It can be tempting in a relatively small appellation, such as Pomerol, to kid yourself that you have pretty much ‘done’ it. You’ve tasted the greats, such as Petrus and Le Pin. You have thoroughly familiarised yourself with those pretenders to the crown, the numerous great domaines that cluster around the towering steeple of Pomerol’s église. And you’ve worked your way down the slope, tasting your way around the appellation until you get to those good value names that skirt the periphery of the gravelly and sandy terrace. And that’s it. Job done.
Of course, nothing could be further from the truth. Stick your nose into a tasting at the Pomerol syndicat and you will be confronted by a myriad bottles all proudly declaring their allegiance to the appellation on the label, all with very unfamiliar names. Even in Pomerol, the wine writer’s work is never done. And it is not just tiny domaines that can be overlooked. Château Fayat is a case in point. Created in 2009 from the union of three smaller domaines, this estate has 16 hectares of vines to its name, which is for this appellation an unusually expansive vineyard. In this profile I examine the story of how this domaine came to be, before going on to look at its vineyards and the wines.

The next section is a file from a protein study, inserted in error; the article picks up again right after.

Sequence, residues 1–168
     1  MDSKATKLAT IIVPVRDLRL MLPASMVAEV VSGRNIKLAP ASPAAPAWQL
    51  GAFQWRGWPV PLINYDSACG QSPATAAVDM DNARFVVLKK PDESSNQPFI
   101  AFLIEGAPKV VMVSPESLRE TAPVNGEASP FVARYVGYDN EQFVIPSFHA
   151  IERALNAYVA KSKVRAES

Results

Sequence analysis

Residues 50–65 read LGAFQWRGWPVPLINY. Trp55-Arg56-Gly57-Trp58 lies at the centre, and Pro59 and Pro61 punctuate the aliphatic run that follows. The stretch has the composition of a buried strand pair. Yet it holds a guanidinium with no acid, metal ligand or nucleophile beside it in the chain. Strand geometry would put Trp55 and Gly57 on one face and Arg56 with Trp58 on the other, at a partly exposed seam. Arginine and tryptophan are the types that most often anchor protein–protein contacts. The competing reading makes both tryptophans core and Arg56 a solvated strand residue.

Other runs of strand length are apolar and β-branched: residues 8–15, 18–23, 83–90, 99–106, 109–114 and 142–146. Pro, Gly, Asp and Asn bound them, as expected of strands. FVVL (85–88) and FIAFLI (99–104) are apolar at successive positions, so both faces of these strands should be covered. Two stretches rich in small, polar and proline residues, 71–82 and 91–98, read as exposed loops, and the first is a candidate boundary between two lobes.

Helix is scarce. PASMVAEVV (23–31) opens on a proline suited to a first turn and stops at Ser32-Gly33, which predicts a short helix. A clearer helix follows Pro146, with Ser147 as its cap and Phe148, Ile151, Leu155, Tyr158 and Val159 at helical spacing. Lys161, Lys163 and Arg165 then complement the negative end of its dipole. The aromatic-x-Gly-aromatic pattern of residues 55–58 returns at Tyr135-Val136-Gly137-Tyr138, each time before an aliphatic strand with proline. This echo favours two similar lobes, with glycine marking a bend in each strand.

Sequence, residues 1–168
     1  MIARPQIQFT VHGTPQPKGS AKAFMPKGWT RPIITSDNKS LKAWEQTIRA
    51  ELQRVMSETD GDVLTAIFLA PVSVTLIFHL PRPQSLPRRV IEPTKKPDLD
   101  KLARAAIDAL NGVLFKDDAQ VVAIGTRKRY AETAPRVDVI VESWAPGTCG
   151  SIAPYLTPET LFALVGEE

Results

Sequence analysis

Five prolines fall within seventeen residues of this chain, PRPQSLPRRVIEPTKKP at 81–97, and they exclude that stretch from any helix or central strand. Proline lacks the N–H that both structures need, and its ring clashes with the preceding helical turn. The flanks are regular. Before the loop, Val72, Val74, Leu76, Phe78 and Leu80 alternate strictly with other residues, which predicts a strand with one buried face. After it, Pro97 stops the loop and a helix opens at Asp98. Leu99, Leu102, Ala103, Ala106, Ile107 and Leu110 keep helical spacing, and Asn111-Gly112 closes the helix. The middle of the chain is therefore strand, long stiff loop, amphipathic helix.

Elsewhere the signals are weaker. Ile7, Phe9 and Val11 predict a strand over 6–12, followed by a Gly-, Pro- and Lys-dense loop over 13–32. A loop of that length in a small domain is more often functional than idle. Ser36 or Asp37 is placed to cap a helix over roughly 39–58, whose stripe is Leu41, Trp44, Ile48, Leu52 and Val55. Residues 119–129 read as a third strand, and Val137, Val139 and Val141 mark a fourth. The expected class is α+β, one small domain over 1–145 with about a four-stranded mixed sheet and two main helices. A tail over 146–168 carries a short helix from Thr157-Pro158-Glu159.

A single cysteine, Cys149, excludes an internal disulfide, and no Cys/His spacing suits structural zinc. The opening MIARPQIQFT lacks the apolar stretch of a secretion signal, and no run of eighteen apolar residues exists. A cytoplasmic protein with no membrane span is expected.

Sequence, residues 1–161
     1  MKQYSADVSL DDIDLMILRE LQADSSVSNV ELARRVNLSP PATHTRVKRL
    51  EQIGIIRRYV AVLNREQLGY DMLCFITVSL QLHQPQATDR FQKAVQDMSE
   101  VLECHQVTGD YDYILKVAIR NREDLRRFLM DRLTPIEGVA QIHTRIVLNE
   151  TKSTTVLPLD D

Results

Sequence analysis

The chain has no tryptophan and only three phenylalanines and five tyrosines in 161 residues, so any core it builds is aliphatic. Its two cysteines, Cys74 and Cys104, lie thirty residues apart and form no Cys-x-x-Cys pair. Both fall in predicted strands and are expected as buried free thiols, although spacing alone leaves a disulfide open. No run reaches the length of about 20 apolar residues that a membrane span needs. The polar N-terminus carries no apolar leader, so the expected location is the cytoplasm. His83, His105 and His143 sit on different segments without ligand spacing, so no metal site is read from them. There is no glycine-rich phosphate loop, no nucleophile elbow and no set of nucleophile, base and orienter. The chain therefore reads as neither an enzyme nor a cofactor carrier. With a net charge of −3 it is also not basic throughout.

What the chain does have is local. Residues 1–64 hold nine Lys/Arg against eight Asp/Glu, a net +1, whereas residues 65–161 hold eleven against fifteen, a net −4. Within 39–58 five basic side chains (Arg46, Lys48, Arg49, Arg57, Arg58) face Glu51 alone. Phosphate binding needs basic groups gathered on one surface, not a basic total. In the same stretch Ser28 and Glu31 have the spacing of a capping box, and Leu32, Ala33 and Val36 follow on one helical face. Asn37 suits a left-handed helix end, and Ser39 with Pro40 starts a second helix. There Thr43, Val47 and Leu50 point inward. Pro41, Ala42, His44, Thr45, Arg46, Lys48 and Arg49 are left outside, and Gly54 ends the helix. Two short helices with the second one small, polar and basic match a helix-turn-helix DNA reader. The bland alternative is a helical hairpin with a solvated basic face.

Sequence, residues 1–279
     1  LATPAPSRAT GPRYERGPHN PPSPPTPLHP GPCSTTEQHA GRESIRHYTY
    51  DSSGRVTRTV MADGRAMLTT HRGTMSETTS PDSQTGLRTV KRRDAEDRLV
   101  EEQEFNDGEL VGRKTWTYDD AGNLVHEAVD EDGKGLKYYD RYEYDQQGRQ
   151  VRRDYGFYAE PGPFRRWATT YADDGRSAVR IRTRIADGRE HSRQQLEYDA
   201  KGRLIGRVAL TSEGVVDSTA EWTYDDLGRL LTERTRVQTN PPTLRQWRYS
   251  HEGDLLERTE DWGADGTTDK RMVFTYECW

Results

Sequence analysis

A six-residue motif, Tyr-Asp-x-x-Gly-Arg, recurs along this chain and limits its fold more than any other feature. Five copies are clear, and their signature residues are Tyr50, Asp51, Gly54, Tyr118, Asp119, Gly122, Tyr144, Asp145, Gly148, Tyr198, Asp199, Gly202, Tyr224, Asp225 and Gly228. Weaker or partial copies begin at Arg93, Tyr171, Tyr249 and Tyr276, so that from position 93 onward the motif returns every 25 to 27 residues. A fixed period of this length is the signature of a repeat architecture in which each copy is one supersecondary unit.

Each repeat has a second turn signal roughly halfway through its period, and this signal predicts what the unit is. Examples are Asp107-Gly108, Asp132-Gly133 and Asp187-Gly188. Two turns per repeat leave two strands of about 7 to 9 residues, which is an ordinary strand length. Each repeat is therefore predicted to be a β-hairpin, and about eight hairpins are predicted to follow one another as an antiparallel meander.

The story begins with Clément Fayat, who like a number of the Pomerol appellation’s most famous names, arrived in the region after leaving his native Corrèze.
Clément Fayat was a construction worker who came to Bordeaux shortly after World War II. A little over a decade after his arrival, in 1957, he set up in the construction business, in Libourne, specialising in the building of roads. His new venture was a great success, and it grew to become one of France’s largest family-owned companies. Networking with those other old Corrèzians, however, he was advised that if he really wanted to settle in the region, and to be part of it rather than a mere observer, he should buy some vineyards. He seems to have taken their advice to heart, as in 1969 he purchased Château La Dominique in St Emilion. The previous proprietor, Etienne de Bailliencourt, had needed to raise some funds in order to pay a very large tax bill, as well as to buy out his siblings, following their inheritance of Château Gazin.
It would appear that Clément’s acquisition of Château La Dominique was insufficient to fully satiate his taste for buying in Bordeaux, and during the 1970s Château Clément-Pichon, a cru bourgeois property in the Haut-Médoc appellation, came onto his radar. He added this to his portfolio in 1976. And for a few years this seemed to be the end of it, save for a little expansion in St Emilion, buying up vineyards that neighboured Château La Dominique. It was not until 1980s that the first seeds of Château Fayat were sown, with the acquisition of a little-known domaine in the backwaters of Pomerol.
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